Talking Points about Yourself as a Writer So You Can Write Productively by Meggin McIntosh, PhD

By meggin@meggin.com
In Writers
Feb 16th, 2013
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talking 3As writers, we can hurt or help our writing productivity by what we say about ourselves ‘as writers.’  It is pretty much like anything else – state what you want to be true and avoid as much as possible stating what you DON’T want to be true.  Also, use others’ perceptions and misperceptions of writers, as needed, to help yourself get your writing done.  Here are ten possible talking points about yourself as a writer. Choose the one you need at any given time – and keep adding to the list.

  1. “I’m currently working on some writing that needs my undivided attention.” This is a great one to use as a way of deflecting requests for your time, energy, and attention that will distract you from your writing.

  2. “I view my writing time as sacrosanct.” Real writers do, you know. Some people view their yoga time as sacrosanct. Others view their manicures as protected time. Others wouldn’t miss Monday night football in the fall for any amount of money. Can’t you protect your writing time in the same way?

  3. “You know how writers are – when we’re in the flow, we just have to keep going.” Other writers know this to be true and will allow you that time and space to stay in the flow. Those who aren’t writers will figure that this must be true, because writers are sort of mysterious to everyone else. Use that.

  4. “Writing is fun for me!” Whether this is true now or not, don’t you want it to be true? I can promise you that this is a better statement than “I hate writing” or “Writing is hard for me.”

  5. “Today is one of my writing days.” Frankly, you can use this one anytime because if you’re a writer, every day is one of your writing days.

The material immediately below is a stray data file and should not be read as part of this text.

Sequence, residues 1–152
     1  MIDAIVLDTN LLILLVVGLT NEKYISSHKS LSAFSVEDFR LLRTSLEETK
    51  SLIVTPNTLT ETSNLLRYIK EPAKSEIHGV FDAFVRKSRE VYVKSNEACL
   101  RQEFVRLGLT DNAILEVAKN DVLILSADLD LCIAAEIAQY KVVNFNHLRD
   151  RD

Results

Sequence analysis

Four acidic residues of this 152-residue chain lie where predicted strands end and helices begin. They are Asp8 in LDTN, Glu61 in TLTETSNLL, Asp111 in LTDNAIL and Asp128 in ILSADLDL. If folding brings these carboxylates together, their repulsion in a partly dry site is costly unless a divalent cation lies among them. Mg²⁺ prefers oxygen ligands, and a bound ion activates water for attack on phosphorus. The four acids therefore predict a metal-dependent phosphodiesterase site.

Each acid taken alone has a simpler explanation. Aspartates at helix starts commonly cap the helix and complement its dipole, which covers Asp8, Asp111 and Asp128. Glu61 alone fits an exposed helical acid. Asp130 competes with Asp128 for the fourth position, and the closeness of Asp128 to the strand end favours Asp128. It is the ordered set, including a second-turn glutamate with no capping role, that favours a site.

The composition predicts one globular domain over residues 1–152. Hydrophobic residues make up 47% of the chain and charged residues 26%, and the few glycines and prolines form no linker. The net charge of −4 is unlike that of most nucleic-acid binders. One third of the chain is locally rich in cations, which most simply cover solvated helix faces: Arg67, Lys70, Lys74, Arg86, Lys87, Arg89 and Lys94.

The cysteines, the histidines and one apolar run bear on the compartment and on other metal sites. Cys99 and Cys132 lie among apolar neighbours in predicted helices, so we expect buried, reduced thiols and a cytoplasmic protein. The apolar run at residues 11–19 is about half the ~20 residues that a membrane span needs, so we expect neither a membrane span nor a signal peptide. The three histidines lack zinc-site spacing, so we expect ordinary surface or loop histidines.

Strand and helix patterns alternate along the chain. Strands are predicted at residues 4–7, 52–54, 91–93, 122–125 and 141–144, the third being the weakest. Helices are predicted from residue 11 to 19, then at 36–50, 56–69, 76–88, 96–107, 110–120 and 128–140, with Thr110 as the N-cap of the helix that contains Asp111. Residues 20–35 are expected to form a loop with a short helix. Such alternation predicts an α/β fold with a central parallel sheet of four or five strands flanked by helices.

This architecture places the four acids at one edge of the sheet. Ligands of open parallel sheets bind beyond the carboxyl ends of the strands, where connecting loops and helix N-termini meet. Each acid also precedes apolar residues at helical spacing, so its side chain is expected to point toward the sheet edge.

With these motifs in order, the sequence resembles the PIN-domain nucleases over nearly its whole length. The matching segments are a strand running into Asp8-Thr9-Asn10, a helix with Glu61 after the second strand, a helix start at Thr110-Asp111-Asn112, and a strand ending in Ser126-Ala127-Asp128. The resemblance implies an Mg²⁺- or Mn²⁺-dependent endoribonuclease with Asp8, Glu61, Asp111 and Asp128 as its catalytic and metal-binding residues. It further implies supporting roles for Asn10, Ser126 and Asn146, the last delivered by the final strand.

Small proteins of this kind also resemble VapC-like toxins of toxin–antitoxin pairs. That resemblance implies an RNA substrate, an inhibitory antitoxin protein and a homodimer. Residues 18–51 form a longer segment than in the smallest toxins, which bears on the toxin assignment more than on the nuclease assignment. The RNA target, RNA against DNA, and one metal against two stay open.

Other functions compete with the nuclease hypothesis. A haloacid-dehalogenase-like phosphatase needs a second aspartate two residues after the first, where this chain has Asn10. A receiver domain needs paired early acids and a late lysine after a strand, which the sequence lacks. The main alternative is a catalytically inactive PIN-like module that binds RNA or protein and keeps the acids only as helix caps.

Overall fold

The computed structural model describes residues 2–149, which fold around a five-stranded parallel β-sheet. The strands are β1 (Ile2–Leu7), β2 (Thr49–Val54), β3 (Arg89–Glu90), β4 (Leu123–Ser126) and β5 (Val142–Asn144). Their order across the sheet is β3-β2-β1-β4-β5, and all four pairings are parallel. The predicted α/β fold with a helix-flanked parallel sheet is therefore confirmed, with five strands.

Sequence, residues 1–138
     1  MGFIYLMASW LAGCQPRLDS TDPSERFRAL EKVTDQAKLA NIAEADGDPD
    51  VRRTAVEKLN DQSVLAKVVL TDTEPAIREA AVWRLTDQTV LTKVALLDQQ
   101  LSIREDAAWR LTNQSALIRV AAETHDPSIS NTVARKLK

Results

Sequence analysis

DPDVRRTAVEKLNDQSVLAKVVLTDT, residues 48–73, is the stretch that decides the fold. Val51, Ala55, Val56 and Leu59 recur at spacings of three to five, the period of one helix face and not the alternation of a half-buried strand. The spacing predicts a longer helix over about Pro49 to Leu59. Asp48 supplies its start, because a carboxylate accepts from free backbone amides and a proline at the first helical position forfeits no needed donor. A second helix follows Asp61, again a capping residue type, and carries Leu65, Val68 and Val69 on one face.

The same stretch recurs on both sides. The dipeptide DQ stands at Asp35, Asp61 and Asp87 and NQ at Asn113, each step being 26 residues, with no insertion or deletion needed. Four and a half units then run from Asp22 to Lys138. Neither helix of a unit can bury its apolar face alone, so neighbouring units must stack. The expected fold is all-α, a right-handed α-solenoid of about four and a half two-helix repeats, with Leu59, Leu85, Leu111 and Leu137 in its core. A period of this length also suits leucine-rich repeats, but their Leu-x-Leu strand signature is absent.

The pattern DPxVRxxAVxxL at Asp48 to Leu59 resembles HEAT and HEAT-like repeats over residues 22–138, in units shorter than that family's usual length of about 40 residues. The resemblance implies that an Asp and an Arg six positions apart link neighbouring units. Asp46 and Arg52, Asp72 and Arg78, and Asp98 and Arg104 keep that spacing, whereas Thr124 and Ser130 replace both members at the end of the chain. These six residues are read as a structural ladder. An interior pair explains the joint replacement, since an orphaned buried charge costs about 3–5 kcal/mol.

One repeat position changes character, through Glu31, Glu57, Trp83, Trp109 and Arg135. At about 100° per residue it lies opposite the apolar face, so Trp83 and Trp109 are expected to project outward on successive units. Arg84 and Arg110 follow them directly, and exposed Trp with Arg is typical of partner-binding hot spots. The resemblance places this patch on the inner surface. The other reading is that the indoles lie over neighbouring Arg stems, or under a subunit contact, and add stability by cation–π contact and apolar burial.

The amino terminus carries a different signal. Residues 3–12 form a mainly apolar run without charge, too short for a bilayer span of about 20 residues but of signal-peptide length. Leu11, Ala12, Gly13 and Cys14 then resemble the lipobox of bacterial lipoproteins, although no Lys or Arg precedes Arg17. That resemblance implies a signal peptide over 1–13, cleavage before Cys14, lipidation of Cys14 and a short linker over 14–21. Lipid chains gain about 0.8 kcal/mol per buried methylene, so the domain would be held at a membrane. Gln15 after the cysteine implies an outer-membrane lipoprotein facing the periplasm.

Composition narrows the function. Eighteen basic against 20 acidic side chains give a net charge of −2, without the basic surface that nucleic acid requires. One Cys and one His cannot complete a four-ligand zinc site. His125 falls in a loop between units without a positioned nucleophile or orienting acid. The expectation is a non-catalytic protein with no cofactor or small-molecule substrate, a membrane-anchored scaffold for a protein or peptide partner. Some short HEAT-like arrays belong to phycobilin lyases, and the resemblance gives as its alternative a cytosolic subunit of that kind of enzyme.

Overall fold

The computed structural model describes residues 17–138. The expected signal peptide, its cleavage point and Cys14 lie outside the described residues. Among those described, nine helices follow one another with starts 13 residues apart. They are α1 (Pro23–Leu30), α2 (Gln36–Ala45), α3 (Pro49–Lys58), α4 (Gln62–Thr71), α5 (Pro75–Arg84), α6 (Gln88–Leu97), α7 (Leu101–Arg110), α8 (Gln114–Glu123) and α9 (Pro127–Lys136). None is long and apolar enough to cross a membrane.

6. “That’s my scheduled writing time – let’s find another time (or not).” While there are times to be flexible, you don’t always have to be the person who flexes and thus flushes out your writing time. You may offer alternatives to the other person and they can flex – or not. It depends on what the priorities are for either of you. If someone really doesn’t ‘get it,’ ask that person if that’s what he/she has found to be true.

  7. “Right now, while my ideas are flowing, I want to capture them, so…” You just let this drift off – or you can end your sentence with a specific request such as, “…I want to capture them, so, I can’t really talk now” or “so, I need to get back to what I was working on,” or any other appropriate ending. You can also say everything you need to say by the expression on your face when you say, “so….”

  8. “I’ve got some of my pieces to edit today.” This helps you know that today is not a composing day; it’s an editing day. Since there is a definite difference between composing and editing, clarifying for yourself that today is an editing day helps to get you in the frame of mind necessary.

  9. “What are you writing these days?” Just as it is normal to ask other professionals what they are working on, no matter what their job might be, it is normal to ask other writers what they are writing. Find other writers to talk with about the very normal endeavor of writing.

  10. “I learned something today while I was writing that I never knew I knew.” Say it to yourself to reinforce how magical writing is in terms of letting us know what we know – or helping us know something we didn’t know we knew. And, say it to others to validate the power of writing.

Take note of your own language about writing. What do you say about the writing projects you are working on and what do you say about yourself as a writer? Is what you’re saying what you want to be true? Is what you’re saying supporting your writing?

© Meggin McIntosh, PhD (also known as “The PhD of Productivity”®). One of the ways that you can learn from Meggin about productive writing is through her 30 Articles in Just 30 Days program (www.30ArticlesinJust30Days.com). 

postponingDo you know any writers who procrastinate? Could that writer actually be you? We writers know perfectly well that we procrastinate, sometimes in very clever ways. In need of tips to help you stop? You’ll want the Get a Plan! Guide® to Postponing Writing Procrastination, part of the Get a Plan! Guides® series.

Inside, you’ll find 15 practices to postpone your writing procrastination. You’ll receive the ideas and inspiration to do your work easier, faster, and in a more focused fashion.

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